Toy Giant Hasbro To Layoff 900 Employees in a Second Round of Cuts in 2023 Due to Prolonged Sales Slump

Hasbro, the well-known toy manufacturer, is gearing up to lay off 900 more employees globally as it grapples with ongoing challenges in the toy market.

hasbro layoffs
hasbro layoffs

This decision comes nearly a year after the company’s initial announcement to cut 15% of its workforce due to weaker sales.

In January, Hasbro had originally revealed plans to cut about 1,000 full-time positions. However, the company disclosed that it had already implemented 800 job cuts.

At the close of 2022, Hasbro employed approximately 6,490 individuals worldwide. With this latest round of layoffs, the total reduction now stands at 1,900, which is about 29% of its workforce.

The toy market conditions have been persistently challenging, and this move is a response to those difficulties. Hasbro’s shares experienced a 6% decline in extended trading, and its rival toy manufacturer, Mattel, also saw a slip of more than 1%.

CEO Chris Cocks acknowledged the challenges, stating, “Market headwinds we anticipated have proven to be stronger and more persistent than planned.”

One of the major contributors to Hasbro’s challenges is the global economic landscape, with consumers worldwide facing high inflation. The resulting strain on household budgets has led to a reduction in discretionary spending, including on toys. Consumers are prioritizing essential purchases, contributing to the broader downturn in the toy industry.

Both Hasbro and Mattel had warned of a weak holiday season back in October, and indications that consumers were adopting a more frugal approach to spending during this crucial retail period added to the concerns.

Cocks expressed, “The headwinds we saw through the first nine months of the year have continued into the holiday and are likely to persist into 2024.”

The majority of the newly announced job cuts are expected to take place over the next six months, with the rest occurring within the next year. This phased approach aims to streamline operations while minimizing immediate disruptions to the company’s workforce.

In addition to the workforce reductions, Hasbro revealed plans to exit its Providence, Rhode Island office at the end of its lease term in January 2025. The decision is attributed to the office not being used to its full capacity, aligning with the company’s broader strategy to optimize its real estate portfolio.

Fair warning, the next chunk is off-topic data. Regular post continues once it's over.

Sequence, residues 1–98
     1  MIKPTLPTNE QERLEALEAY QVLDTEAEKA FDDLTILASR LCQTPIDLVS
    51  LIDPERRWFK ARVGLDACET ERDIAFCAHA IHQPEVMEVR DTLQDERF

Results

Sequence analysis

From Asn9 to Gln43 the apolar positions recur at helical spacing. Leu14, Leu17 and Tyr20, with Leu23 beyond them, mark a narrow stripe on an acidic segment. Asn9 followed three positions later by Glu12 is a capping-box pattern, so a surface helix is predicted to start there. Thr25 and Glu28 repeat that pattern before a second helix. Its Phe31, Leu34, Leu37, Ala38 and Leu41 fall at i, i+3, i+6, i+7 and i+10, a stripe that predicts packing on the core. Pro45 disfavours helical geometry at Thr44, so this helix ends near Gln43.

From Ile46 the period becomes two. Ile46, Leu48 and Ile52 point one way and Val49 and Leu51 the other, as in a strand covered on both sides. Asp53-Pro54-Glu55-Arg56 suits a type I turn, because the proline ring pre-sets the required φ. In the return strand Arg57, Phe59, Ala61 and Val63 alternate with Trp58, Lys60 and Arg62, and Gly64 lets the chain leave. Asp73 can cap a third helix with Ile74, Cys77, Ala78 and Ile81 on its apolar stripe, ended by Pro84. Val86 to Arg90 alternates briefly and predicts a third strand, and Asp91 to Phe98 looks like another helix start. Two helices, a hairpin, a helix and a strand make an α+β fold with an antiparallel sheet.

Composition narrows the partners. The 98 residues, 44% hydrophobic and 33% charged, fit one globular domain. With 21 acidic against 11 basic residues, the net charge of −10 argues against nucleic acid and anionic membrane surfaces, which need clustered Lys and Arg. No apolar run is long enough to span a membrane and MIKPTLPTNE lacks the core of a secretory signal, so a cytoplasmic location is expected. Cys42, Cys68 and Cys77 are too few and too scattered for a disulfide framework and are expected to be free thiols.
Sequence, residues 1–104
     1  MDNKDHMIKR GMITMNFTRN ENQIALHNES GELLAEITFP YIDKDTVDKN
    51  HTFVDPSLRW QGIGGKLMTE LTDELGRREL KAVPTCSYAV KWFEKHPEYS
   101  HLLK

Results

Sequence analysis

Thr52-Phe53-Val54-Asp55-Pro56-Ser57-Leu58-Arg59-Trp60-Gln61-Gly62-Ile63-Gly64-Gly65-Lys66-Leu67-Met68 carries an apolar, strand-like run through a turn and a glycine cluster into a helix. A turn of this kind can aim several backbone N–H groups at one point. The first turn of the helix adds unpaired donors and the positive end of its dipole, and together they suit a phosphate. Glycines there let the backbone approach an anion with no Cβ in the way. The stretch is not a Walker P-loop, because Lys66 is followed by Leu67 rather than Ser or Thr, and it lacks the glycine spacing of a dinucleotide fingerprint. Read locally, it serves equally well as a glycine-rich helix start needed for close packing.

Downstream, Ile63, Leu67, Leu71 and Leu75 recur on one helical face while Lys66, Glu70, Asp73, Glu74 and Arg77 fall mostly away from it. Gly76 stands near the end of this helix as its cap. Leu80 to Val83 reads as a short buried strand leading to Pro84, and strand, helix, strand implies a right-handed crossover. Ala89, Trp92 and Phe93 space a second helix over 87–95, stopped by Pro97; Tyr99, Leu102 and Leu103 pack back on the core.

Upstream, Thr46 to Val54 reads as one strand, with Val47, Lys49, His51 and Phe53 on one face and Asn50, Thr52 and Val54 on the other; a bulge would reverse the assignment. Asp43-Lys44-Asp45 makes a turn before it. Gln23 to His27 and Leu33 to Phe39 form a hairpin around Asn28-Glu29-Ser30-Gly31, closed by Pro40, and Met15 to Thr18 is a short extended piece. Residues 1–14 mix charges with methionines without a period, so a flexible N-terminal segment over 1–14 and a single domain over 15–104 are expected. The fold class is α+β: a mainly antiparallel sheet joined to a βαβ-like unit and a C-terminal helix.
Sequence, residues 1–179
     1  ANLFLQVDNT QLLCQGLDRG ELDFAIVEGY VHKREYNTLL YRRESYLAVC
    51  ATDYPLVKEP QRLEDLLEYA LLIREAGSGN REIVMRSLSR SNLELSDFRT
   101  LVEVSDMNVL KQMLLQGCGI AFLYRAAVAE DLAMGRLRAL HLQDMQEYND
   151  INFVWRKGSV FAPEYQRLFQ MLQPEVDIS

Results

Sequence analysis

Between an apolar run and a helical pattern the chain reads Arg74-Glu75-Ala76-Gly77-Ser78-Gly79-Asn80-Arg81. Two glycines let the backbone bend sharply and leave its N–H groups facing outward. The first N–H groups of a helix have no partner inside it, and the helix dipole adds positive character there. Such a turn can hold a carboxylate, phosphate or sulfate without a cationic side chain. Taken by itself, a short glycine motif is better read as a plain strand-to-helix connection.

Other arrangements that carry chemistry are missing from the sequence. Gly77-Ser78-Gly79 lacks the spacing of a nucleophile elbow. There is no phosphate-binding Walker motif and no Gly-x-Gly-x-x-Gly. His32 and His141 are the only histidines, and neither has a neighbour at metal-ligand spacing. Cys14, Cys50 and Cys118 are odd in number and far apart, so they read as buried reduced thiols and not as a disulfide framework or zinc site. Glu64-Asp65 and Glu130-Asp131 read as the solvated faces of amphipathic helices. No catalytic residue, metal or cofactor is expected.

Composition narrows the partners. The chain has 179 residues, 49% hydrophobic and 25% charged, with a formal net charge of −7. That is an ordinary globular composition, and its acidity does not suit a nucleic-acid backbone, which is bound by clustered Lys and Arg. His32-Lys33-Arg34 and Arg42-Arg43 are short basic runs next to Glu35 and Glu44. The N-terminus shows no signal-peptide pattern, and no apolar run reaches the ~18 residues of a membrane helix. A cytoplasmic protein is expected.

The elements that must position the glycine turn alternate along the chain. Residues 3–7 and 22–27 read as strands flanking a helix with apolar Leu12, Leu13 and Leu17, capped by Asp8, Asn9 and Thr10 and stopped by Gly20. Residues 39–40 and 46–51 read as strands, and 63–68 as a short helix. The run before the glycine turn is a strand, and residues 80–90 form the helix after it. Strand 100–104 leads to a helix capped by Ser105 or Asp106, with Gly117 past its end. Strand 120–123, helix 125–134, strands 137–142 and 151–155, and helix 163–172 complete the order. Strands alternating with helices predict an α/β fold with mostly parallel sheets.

Despite the challenges, Hasbro is adapting its strategy to navigate the current market conditions. The company now expects to achieve gross annual run-rate cost savings ranging from $350 million to $400 million by the end of 2025.

This upward revision from the initial estimate of $250 million to $300 million underscores Hasbro’s commitment to implementing more substantial cost-cutting measures.

Hasbro’s announcement of additional job cuts highlights the severity of challenges faced by the toy industry amid global economic uncertainties. As the company navigates these turbulent waters, the phased approach to workforce reductions, coupled with an enhanced focus on cost savings, reflects a strategic effort to ensure long-term sustainability in a rapidly evolving market.

The broader implications for the toy industry and the strategies employed by Hasbro to adapt to changing consumer behaviors will undoubtedly be closely monitored in the coming months.

Read The Hasbro Layoff Email


A year ago, we laid out our strategy to focus on building fewer, bigger, better brands and began the process of transforming Hasbro. Since then, we’ve had some important wins, like retooling our supply chain, improving our inventory position, lowering costs, and reinvesting over $200M back into the business while growing share across many of our categories. But the market headwinds we anticipated have proven to be stronger and more persistent than planned. While we’re confident in the future of Hasbro, the current environment demands that we do more, even if these choices are some of the hardest we have to make.

Today we’re announcing additional headcount reductions as part of our previously communicated strategic transformation, affecting approximately 1,100 colleagues globally in addition to the roughly 800 reductions already taken.